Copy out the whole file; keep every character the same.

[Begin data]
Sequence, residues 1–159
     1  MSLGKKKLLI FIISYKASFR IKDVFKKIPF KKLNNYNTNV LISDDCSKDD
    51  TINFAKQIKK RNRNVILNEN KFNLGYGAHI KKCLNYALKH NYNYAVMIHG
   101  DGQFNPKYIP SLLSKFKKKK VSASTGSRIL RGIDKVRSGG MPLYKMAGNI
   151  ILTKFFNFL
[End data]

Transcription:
Sequence, residues 1–159
     1  MSLGKKKLLI FIISYKASFR IKDVFKKIPF KKLNNYNTNV LISDDCSKDD
    51  TINFAKQIKK RNRNVILNEN KFNLGYGAHI KKCLNYALKH NYNYAVMIHG
   101  DGQFNPKYIP SLLSKFKKKK VSASTGSRIL RGIDKVRSGG MPLYKMAGNI
   151  ILTKFFNFL